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I'm editing theme files in a wordpress site owned by www-data:www-data as my main user 'oma'. Every time I create a file or edit one, I have to use the sudo command and it gets created as root:root. Actually, I pretty much have to use it everywhere. Big pain, as I invariably forget to type this and then my changes aren't saved.

What I'd like is for it to be created as www-data:www-data. I'm even confused as to why I'm being prompted for this, I thought when I added myself to the 'admin' and 'wheel' group in /etc/sudoers.d/oma I would have more privileges.

UNIX permissions just plain boggle my mind. Any help would be much appreciated.

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2 Answers

up vote 2 down vote accepted
  • Adding yourself to wheel gives you the ability to use sudo.
  • If you're a user, you typically can't modify another user's files or create new files in a directory owned by them. If you want to do this, change the permissions on the files/directories you want to be open, using chmod:

    chmod a+rw somename will give readwrite permissions to all users on the file named somename

  • You can sudo to "www-data" rather than to "root" if you want:

    sudo -u www-data whatever

    If you have su on your machine you can switch to another user at the shell:

    su www-data

  • You can change ownership of files using chown but don't do this since your web server user probably won't be able to read other users' files.

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Odds are good you're having trouble because the folder is already owned by root, so you can't modify the contents. If that's the case, you probably want to change the permissions on the whole tree: sudo chown -R www-data:www-data site-directory. You may need to mess with your Apache config subsequently, to make sure Apache still has the ability to access and read these files.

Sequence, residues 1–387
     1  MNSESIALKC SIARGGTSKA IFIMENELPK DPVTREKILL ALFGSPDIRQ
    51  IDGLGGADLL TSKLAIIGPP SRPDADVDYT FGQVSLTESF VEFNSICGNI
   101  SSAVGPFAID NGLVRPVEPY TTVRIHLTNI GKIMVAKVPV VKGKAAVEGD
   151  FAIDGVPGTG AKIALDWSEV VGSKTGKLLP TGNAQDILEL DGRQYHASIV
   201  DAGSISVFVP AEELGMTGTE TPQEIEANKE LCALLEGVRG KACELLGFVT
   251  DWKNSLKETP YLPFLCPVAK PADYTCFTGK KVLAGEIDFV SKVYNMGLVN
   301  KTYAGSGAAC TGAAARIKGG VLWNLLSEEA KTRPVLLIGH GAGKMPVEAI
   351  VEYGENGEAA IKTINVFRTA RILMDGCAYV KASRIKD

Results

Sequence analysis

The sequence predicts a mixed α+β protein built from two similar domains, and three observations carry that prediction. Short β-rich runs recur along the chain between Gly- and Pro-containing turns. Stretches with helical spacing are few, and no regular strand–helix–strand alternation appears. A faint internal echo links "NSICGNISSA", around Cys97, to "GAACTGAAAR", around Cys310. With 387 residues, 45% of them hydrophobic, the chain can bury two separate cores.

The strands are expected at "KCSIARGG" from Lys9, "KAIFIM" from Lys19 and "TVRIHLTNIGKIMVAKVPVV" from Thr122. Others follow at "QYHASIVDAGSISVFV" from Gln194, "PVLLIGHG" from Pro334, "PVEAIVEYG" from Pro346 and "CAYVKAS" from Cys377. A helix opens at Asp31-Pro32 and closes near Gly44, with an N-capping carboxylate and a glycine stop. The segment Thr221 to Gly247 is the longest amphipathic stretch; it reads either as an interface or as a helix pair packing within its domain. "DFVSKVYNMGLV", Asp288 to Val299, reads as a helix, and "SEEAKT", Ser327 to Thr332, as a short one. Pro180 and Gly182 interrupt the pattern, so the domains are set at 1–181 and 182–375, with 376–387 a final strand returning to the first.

All adding things to your sudoers file does is give you more capabilities with the sudo command. However, you may be able to placate yourself by adding a NOPASSWD flag in /etc/sudoers, like so:

%www-data  ALL=(ALL) NOPASSWD: ALL

You'll still need to use sudo, but it won't prompt you for a password. Beware the security implications of doing this, since everyone in the www-data group will thereafter be able to completely hose your machine.

You may want to search out a tutorial on Unix file permissions. They're complex at first, but after you get the hang of them they're quite simple and powerful. I found this one with a quick googling.

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Other options (security implication discalimer...) are to use sudo su or sudo -i to get an interactive root shell. –  Joe Internet Aug 4 '11 at 20:37
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